Rare Dr. R. Parker western medicine bottle finishes at $23,100 at American Bottle Auctions Nov. 6-15 A California Clubhouse western whiskey fifth and a Dr. R. Parker western medicine posted identical selling prices of $23,100 each at American Bottle Auctions' Nov. 6-15 internet and catalog auction.
News-Antique.com - Nov 18,2015 - SACRAMENTO, Calif. – A California Clubhouse western whiskey fifth and a Dr. R. Parker western medicine posted identical selling prices of $23,100 each at Auction #62, an internet and catalog auction held Nov. 6-15 by American Bottle Auctions (www.americanbottle.com). In all, 199 lots (totaling 350 bottles) changed hands in an auction that grossed a little under $225,000.
“The California Clubhouse is truly a great bottle and one of the top western fifths out there,” said Jeff Wichmann of American Bottle Auctions. “The Dr. R. Parker bottle (Indian TLA-Quillaugh’s Balsam, San Francisco) is so rare that a lot of western bottle collectors don’t even know it exists. This was just the third one we’ve sold. Two minor blemishes didn’t seem to deter bidders at all.”
The auction featured the Heinemann collection of whiskey bottles, rare San Francisco pieces, a collection of early handled whiskeys, bitters, medicines, sodas and miscellaneous bottles. Nearly 224 people registered to bid online, placing 1,325 online bids. Only six percent of lots were won by collectors not participating online. Many bottles sold for more than even their high estimates.
“The sale was a good sign for some and not so much for others,” Wichmann said. “We had 76 lots that sold for below the low estimates, but they were mostly the less desirable pieces. Their combined total was only around $14,000. But 36 lots sold above the high estimates, for around $43,000. A lot of the western whiskey bottles did well. That’s the way of the western whiskey.”
A very early (and therefore rare) example of a common J. F. Cutter Star & Shield whiskey bottle brought $6,050 – a high price to pay, but the bottle exhibited great color, with lots of crudity and character. Also, a Jesse Moore whiskey flask in amber, nearly flawless, earned the respect of bidders who engaged in a battle of wills until a winner finally emerged, paying a stout $7,700.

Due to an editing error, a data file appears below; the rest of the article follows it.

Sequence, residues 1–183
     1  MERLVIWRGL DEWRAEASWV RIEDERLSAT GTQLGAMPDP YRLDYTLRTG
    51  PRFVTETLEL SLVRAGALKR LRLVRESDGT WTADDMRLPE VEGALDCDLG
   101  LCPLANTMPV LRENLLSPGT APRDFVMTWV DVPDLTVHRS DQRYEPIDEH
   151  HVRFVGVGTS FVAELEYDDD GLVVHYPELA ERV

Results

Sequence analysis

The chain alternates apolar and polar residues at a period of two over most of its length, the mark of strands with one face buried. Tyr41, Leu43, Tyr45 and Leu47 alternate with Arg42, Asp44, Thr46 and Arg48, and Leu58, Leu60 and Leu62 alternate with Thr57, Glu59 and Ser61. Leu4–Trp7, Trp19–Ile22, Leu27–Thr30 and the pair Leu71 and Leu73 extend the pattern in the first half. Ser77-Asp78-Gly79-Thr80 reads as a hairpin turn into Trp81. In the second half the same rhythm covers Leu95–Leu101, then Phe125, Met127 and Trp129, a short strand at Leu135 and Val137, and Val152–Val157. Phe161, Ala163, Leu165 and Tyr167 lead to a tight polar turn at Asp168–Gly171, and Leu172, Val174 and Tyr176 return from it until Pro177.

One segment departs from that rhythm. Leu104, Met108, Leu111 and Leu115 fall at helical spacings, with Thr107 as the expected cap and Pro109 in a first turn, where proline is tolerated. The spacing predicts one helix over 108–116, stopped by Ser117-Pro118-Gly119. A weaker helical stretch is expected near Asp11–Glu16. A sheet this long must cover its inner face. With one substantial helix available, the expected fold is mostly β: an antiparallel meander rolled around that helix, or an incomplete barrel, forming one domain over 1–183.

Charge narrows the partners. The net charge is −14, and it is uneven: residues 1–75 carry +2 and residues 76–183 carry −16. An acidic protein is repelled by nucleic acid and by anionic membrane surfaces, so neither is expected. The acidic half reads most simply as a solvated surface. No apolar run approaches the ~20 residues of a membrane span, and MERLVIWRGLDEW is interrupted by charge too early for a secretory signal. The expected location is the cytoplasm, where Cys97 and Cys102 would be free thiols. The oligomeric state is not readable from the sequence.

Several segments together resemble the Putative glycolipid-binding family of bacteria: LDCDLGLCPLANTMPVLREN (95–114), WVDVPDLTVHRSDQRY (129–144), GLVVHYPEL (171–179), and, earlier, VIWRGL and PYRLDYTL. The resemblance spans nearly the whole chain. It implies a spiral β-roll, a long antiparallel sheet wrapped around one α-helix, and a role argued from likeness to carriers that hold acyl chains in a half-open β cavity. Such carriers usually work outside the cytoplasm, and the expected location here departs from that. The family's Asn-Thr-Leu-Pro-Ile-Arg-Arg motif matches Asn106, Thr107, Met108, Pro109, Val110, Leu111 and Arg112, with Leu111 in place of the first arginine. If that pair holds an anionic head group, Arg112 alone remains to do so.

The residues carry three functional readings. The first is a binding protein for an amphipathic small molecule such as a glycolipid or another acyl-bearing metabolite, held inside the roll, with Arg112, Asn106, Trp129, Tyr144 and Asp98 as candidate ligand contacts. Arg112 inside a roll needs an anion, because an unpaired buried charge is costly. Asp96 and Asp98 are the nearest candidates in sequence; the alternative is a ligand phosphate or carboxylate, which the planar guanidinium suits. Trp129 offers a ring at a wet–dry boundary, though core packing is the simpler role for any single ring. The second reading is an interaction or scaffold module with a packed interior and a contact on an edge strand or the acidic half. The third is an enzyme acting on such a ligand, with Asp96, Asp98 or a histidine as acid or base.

Bitters were “unspectacular but solid,” Wichmann said. “We had some rare but rather lackluster examples that sold in the medium range. It was like people wanted them, but only for a decent price.” The top achiever of the category was a Wonser’s Indian Root Bitters. It was in excellent condition, fetching $8,800, a bargain, considering that bottle in that shape routinely hits $10,000.
A rare blue soda bottle – an H & G with walking bear graphic – notched a respectable $17,600. “That was a good, solid price,” Wichmann remarked. “It was a common bottle, but rare to see in aqua, and this one was in mint condition. Not a lot of superb, non-pontiled western sodas come up for bid these days, so it’s tough to guess what one will do at auction. I guess we found out.”
In summary, Wichmann said, “I guess you could look at this sale and pretty much say that the rare western items were the runaway favorites. But because we didn’t have a lot of super-rare eastern glass it looked a little more like